46.On 30 March 2020, the UN warned of a “looming financial tsunami” for developing countries due to the covid-19 pandemic and the ensuing global recession. The International Monetary Fund (IMF) projected global growth at -4.4% in 2020 and stated that this reversed progress made since the 1990s in curbing global poverty and decreasing inequality. In October 2020, the UN DESA referred to covid-19 as a “high-debt, low-growth trap”.
47.Contributors told us that high levels of public debt and falling government revenues could reduce public investment in healthcare systems. We heard that dwindling revenues from the export of commodities such as copper and oil (on which many low- and middle-income countries heavily depend), following the commodity price shock in 2014, and a sudden, record capital outflow from emerging markets in the early months of covid-19 have compounded the challenge of debt service payments for highly-indebted countries. Oxfam referred to the situation as the “twin crises of health and economy”.
48.We heard broad calls for debt cancellation instead of debt relief. Tim Jones, Head of Policy at Jubilee Debt Campaign, told us that the cancellation of $500 million of debt service payments by the IMF for the most vulnerable countries was “a drop in the ocean”. Furthermore, while 73 lower-income IMF member states were eligible for a $5 billion suspension of debt service payments as part of the G20’s Debt Service Suspension Initiative (DSSI) in April 2020, $33 billion were still being paid, according to Mr Jones.
49.Moreover, we heard that private lenders and English law play an important role in debt service payments. According to a coalition of UK NGOs, private lenders hold 27% of all foreign debts owed by the 73 countries eligible for the DSSI. In a written answer to a parliamentary question, John Glen MP, Economic Secretary to the Treasury, stated that 45% of all outstanding international sovereign bonds is governed by English law. Mr Jones told us that English law governs 90% of the international sovereign bonds owed by countries eligible for the DSSI, adding that “If they stop paying the debts, they get sued in UK courts”.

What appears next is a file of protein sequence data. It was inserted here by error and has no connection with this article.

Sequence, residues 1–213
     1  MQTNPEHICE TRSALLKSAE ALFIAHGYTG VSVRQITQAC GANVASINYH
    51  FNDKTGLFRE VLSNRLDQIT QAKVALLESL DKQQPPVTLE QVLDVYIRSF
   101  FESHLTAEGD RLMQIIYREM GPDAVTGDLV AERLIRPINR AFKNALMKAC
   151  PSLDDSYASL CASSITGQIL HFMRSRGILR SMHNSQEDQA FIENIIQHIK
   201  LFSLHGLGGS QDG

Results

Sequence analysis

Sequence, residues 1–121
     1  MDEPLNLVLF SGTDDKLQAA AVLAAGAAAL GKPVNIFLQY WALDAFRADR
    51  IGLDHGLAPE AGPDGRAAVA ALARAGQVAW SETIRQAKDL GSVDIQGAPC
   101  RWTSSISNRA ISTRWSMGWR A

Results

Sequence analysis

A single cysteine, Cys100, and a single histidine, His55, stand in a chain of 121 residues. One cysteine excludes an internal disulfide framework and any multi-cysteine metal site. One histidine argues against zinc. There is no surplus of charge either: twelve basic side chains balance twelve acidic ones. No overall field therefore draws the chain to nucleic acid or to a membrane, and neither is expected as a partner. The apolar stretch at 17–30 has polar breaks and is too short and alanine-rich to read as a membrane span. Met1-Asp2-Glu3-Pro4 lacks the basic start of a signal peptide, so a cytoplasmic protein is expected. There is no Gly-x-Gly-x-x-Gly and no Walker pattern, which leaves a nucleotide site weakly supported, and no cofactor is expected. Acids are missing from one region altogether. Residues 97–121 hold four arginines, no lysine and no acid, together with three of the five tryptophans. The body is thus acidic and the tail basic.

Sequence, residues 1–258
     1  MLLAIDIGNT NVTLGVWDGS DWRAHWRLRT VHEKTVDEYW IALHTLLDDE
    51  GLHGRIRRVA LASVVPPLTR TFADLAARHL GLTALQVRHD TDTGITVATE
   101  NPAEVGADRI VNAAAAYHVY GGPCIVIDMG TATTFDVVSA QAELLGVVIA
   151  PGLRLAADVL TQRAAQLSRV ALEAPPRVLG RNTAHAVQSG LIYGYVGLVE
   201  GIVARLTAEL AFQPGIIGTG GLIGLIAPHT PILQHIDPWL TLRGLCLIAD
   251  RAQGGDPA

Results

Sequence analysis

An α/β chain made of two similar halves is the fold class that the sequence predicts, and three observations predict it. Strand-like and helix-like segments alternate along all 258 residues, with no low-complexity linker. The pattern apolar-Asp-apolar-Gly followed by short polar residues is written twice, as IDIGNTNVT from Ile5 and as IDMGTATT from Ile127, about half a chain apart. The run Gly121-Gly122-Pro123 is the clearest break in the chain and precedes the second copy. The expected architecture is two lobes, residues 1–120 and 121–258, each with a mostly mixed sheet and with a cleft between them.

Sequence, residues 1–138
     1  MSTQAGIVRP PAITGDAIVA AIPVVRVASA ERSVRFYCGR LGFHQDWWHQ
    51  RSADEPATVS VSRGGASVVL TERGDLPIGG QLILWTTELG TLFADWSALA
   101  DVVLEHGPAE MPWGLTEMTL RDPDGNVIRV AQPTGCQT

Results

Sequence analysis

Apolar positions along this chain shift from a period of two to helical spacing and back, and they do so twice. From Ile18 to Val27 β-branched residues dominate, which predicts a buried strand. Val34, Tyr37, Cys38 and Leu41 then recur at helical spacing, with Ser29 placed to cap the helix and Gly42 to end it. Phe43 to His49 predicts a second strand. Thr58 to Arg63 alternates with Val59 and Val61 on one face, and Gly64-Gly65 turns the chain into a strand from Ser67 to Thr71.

50.To mitigate the looming economic crisis in highly indebted developing countries, the Government advocated for debt relief at a multilateral level. The FCDO wrote that “with UK support”, multilateral development banks were making over $200 billion available to governments and businesses over 15 months to stabilise the economy, support sustainable recovery and strengthen health systems. In his letter to campaigners for debt relief in July 2020, James Duddridge MP, Minister for Africa at the FCDO, wrote that the Government was committed to helping developing countries through UK contributions to the IMF’s Catastrophe Containment Relief Trust (CCRT), the DSSI, and by calling on private lenders to join the DSSI.
51.We welcome the UK’s role in extending the G20’s Debt Service Suspension Initiative to 30 June 2021, the measure to temporarily suspend debt service payments for the poorest countries. As the majority of these outstanding debts are governed by English law, the UK Government is in a unique position to send a global message on debt service payments by suspending or cancelling repayments. We urge the Government to extend the Debt Service Suspension Initiative beyond June 2021 and to use its influence to persuade private lenders to join this scheme. Furthermore, the Government should consider options for the cancellation of debt and provide this Committee with the rationale behind its decisions on debt relief versus debt cancellation for low- and middle-income countries.
52.Covid-19 is significantly impacting the livelihoods of people in developing countries. Evidence by the WHO suggests that almost half of the global workforce of 3.3 billion people could lose their livelihoods. Global extreme poverty—i.e. the rate of people living on less than $1.90 per day—is set to rise in 2020 for the first time since 1998 according to the World Bank while global human development is “on course to decline” for the first time since the measurement’s inception, according to the UN Development Programme (UNDP). The World Bank estimates that the total number of people living in extreme poverty could rise to 150 million by 2021 while UN DESA estimated that 71 million people could be pushed back into poverty in 2020. Furthermore, eight out of ten “new poor” are projected to be in middle-income countries by the World Bank.
53.We were told by Oxfam and Lamis al-Iryani, Head of Monitoring and Evaluation at the Social Fund for Development—Yemen, that the secondary impacts of covid-19 on income are a greater concern for vulnerable groups than the virus itself. This was reiterated by Donal Brown who told us that